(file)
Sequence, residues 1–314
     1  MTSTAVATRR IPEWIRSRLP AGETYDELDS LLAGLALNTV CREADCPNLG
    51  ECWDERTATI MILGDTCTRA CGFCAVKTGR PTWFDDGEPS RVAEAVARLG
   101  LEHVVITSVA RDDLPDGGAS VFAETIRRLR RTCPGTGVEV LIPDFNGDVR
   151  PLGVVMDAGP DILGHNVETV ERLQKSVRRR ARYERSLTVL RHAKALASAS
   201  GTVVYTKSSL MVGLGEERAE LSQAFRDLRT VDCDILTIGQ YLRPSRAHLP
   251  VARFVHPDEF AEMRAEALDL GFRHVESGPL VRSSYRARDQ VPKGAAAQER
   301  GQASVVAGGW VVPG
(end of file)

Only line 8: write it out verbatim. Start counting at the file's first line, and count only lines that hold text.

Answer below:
   301  GQASVVAGGW VVPG